Between Bose and Sony, you already have the best options in the category for this price range. If you prefer the sound tuning on Sennheisers, though, they also have a great noise-canceling option along the same price level. This over-ear model, in particular, is equipped with larger 42mm drivers that deliver a wide soundstage, detailed highs, and powerful bass, complete with a good load of detail. The ANC is big step up from Sennheiser’s previous Momentum model, allowing it tune out all low- and most mid-range noises, while effectively lowering higher frequencies, complete with a transparency mode that you can activate to let more sound through. We love the voice call quality here, by the way, which sounds clear on both end in nearly every setting, while the battery life is downright impressive, allowing it to stay up for a couple days between charges, even with ANC running (it’s rated at 60 hours).
Sony has arguably surpassed all other contenders when it comes to their ANC technology, capably shutting out all external sounds better than, pretty much, all headphones we’ve tried. They even improve it on the 1000XM5 model, which uses eight microphones to pick up ambient sounds that are passed off to two dedicated processors. The noise-canceling optimizer option in the previous generation is now turned on by default, allowing the device to automatically tailor the noise cancelling depending on situational variables that the headphones can identify on its own. Simply put, you don’t even have to think about the ANC, making the whole experience feel seamless.
It has a more refined sound profile than the last generation, which we appreciate for the well-rounded listening experience it creates. Don’t worry, the heavy bass is still there, with plenty of kick to spare, but everything else just sounds better tuned. The design is a dramatic departure from previous generations, too, so it brings something fresh in terms of looks, as well, although some people may not like the fact that it no longer folds, so it packs a little bigger. On top of all this, Sony beefed up the voice call performance, making this a joy to take your phone calls on.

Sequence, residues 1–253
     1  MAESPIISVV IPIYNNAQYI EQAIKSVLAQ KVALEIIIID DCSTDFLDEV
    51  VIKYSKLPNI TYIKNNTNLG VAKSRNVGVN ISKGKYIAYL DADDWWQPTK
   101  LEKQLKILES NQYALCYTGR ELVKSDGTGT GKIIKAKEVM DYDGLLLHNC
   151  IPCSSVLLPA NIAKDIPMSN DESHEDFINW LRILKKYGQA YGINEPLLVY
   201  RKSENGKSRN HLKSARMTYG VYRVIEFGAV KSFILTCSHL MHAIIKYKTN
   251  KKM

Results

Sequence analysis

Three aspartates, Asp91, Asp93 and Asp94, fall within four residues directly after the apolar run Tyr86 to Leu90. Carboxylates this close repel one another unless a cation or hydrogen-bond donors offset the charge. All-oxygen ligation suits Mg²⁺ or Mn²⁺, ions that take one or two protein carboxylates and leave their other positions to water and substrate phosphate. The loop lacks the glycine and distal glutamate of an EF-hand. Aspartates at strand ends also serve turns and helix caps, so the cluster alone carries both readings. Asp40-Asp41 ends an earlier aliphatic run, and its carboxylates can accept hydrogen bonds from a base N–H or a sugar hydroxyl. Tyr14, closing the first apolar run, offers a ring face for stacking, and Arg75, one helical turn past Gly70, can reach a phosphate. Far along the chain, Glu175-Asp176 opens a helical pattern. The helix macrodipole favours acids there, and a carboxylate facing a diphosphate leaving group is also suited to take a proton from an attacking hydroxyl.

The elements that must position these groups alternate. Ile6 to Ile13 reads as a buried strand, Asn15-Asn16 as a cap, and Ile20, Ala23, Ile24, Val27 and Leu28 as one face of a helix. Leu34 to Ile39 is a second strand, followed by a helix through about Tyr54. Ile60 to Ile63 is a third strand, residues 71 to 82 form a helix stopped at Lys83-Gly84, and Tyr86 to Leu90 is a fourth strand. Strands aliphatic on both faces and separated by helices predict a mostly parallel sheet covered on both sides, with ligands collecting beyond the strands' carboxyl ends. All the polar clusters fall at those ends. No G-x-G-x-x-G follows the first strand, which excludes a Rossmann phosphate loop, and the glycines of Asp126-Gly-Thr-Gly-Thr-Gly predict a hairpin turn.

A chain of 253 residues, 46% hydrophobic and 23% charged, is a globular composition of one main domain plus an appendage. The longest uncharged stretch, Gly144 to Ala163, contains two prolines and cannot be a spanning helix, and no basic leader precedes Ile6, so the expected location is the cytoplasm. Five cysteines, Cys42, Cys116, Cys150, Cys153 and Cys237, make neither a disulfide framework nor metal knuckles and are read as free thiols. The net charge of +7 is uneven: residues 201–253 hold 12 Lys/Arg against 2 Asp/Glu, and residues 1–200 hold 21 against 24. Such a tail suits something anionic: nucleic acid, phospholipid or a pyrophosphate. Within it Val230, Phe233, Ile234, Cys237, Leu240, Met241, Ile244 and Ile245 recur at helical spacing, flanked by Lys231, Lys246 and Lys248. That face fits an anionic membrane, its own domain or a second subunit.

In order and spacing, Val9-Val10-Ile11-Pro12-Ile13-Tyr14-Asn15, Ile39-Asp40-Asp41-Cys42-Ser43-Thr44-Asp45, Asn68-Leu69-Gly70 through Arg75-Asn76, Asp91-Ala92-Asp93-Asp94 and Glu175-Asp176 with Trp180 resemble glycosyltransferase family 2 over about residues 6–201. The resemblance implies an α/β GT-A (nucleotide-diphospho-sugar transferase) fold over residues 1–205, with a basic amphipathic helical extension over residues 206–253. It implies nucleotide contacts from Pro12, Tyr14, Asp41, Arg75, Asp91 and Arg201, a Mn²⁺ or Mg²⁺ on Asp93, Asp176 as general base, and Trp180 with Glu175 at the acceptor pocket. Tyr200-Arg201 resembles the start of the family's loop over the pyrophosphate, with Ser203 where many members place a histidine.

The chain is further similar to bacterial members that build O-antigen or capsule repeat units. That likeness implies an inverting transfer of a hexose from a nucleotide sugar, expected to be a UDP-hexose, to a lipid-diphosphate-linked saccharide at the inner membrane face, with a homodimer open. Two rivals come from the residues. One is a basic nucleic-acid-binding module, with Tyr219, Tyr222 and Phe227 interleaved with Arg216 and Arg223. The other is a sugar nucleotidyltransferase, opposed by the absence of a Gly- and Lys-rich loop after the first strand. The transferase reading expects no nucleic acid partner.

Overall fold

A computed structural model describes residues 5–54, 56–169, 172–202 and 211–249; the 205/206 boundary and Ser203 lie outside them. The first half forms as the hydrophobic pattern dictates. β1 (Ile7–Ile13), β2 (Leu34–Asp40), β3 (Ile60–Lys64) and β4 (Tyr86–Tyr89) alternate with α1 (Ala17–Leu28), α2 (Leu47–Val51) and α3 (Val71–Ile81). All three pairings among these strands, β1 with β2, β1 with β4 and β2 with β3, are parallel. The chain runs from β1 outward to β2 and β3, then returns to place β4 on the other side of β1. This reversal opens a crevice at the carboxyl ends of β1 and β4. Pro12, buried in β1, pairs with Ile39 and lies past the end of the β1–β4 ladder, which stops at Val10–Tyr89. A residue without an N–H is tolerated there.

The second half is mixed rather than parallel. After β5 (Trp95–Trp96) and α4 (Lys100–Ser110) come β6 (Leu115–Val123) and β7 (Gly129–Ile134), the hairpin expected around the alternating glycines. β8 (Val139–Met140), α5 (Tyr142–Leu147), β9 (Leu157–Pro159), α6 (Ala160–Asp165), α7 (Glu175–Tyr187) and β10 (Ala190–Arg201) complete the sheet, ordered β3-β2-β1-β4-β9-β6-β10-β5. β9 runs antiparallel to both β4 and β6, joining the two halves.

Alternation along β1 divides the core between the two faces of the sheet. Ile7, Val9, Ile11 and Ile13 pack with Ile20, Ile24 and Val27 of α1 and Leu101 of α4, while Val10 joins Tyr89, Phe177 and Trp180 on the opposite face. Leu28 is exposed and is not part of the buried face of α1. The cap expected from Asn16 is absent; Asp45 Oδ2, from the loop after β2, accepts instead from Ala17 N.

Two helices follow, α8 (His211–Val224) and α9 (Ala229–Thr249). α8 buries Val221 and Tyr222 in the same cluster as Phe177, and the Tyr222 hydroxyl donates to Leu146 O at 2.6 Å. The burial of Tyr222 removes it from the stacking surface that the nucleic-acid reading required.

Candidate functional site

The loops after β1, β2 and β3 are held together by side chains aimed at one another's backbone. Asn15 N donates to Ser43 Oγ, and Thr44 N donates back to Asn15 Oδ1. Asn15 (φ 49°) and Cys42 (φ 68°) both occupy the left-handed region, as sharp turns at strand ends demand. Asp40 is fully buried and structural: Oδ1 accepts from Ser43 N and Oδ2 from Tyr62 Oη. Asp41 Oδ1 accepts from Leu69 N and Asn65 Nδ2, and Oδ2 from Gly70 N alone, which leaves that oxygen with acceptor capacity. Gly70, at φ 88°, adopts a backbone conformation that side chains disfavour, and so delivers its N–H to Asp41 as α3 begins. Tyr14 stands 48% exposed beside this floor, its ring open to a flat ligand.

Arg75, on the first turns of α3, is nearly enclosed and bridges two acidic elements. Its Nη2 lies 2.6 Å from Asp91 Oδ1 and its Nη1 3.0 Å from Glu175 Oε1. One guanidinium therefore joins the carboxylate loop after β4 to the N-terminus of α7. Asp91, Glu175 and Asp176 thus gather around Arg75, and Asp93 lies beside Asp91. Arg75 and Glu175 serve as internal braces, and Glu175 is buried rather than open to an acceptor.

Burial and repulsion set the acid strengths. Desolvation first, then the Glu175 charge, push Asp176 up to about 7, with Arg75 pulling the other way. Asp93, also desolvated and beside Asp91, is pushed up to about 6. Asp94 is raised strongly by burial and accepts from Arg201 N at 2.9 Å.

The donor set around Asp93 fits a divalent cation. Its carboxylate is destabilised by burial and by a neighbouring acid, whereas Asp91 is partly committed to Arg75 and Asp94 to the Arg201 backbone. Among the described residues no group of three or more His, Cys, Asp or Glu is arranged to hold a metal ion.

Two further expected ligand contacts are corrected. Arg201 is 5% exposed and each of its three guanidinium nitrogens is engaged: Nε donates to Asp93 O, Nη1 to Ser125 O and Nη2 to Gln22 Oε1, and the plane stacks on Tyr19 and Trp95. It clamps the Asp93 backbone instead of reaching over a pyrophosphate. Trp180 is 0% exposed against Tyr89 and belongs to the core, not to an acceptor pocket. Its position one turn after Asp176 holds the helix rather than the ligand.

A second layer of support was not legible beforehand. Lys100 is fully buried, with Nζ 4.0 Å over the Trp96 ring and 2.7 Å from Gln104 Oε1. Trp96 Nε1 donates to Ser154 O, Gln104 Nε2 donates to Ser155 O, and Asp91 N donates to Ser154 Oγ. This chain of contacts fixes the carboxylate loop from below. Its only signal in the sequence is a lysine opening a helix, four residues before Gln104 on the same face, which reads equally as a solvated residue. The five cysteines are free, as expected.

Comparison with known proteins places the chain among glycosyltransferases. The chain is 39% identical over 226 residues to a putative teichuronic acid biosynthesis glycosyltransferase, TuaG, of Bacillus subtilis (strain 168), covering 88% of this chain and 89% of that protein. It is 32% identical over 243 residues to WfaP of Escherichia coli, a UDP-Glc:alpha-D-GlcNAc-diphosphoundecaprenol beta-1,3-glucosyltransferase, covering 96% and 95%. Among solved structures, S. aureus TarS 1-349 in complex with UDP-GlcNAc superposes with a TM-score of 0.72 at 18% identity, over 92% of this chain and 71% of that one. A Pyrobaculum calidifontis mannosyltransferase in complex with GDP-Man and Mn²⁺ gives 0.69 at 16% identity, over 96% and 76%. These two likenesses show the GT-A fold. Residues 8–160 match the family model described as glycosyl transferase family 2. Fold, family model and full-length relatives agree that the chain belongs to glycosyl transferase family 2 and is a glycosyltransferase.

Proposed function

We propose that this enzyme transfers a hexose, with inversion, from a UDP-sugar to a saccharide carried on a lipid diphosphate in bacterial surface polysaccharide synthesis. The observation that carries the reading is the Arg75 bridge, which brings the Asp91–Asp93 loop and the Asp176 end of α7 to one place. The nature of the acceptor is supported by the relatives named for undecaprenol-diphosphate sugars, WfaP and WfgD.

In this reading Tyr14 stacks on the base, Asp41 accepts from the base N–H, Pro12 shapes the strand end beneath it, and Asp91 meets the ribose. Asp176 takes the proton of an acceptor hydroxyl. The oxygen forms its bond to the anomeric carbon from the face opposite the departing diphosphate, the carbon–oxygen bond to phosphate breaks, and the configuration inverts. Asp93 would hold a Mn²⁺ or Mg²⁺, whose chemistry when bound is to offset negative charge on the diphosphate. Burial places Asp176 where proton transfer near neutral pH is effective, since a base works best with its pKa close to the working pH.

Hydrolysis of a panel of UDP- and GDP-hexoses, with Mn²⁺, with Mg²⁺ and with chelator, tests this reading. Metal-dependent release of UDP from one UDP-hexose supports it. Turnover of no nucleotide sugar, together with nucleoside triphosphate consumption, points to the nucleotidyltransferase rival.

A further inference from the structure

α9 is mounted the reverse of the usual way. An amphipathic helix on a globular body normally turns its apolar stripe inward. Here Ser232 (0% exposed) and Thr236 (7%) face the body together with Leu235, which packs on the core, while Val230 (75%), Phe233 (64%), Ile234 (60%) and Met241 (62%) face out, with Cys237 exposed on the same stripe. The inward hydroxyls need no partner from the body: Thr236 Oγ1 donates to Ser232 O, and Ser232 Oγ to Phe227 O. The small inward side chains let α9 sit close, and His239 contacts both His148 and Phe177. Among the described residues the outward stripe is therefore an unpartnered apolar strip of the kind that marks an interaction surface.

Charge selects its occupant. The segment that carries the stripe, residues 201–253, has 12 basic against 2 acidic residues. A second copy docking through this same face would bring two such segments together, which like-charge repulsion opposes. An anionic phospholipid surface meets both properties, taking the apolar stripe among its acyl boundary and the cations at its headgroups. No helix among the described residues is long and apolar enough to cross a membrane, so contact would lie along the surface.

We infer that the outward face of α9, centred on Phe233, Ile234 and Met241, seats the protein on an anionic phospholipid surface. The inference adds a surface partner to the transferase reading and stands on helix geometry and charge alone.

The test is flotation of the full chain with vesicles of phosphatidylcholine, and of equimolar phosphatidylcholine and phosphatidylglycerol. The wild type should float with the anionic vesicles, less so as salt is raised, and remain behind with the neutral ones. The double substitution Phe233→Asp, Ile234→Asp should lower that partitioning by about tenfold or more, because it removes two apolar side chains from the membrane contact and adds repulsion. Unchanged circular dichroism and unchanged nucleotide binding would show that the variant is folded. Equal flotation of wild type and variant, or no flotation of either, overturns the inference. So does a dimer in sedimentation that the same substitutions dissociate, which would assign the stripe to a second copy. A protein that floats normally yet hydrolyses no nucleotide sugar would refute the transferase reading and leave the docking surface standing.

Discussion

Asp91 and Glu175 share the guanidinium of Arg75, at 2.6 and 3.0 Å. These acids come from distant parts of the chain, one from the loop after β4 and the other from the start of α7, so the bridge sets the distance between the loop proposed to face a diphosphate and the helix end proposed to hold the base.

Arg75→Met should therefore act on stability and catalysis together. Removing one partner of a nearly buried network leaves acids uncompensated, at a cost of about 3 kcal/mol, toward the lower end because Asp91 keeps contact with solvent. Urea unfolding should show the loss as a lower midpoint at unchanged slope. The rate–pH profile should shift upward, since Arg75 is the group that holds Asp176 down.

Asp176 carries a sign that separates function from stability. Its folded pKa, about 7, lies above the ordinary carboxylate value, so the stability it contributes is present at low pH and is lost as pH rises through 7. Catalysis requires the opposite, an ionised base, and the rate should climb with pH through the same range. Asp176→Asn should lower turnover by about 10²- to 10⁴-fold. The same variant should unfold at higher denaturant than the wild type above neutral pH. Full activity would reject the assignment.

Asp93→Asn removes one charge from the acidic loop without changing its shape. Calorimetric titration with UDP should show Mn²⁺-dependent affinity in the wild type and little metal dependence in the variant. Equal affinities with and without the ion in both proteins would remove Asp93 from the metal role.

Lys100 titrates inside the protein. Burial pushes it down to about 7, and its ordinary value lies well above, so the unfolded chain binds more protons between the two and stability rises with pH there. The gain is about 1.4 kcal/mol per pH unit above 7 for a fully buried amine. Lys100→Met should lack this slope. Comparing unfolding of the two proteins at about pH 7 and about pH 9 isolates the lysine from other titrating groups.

If you use Apple devices and want to stay within the ecosystem, you’ll probably be best-served forking out the extra cash for the outfit’s Airpods Max, which brings sound quality and ANC performance that’s on par with the best Sony and Bose models, all while integrating seamlessly with your favorite Apple products. The sound quality offers plenty of detail, with rich lows, well-defined mids, and crisp highs, creating an overall balanced sound signature. ANC is excellent, almost completely eliminating that low rumbling sound you’ll hear when riding on airplanes. It also does well in busy public places, drowning out most voices, although still allowing some to go through (especially those in the higher frequencies). Suffice to say, Sony and Bose ANC are still better, at least in this current iteration. Other notable features include spatial audio (it tracks your head position and mixes the signal to simulate the physical direction of the sound), adaptive EQ, and excellent voice call performance, even in crowded settings.
If you like headphones tuned towards a more audiophile-friendly sound profile with ANC onboard, you’ll probably like this M&W model. The sound is clean and very accurate, with natural-sounding mid frequencies, a tight yet warm bass, and lots of nice details, all while offering support for aptX Adaptive audio codec for near-lossless Bluetooth streaming. It has adaptive ANC that can automatically adjust the sound cancellation based on your surroundings, eliminating a whole lot of ruckus, save for higher-pitched chatter. Suffice to say, it’s not on the same high level as Sony and Bose. When indoors, you can actually turn off the ANC, since the over-ear fit of the cans provides satisfying passive noise cancellation all on its own. If you want a pair of headphones with premium build, impeccable looks, a high-quality sound your audiophile friends can appreciate, and good ANC performance, this is the way to go. Provided, of course, you’re willing to shell out for the equally premium price.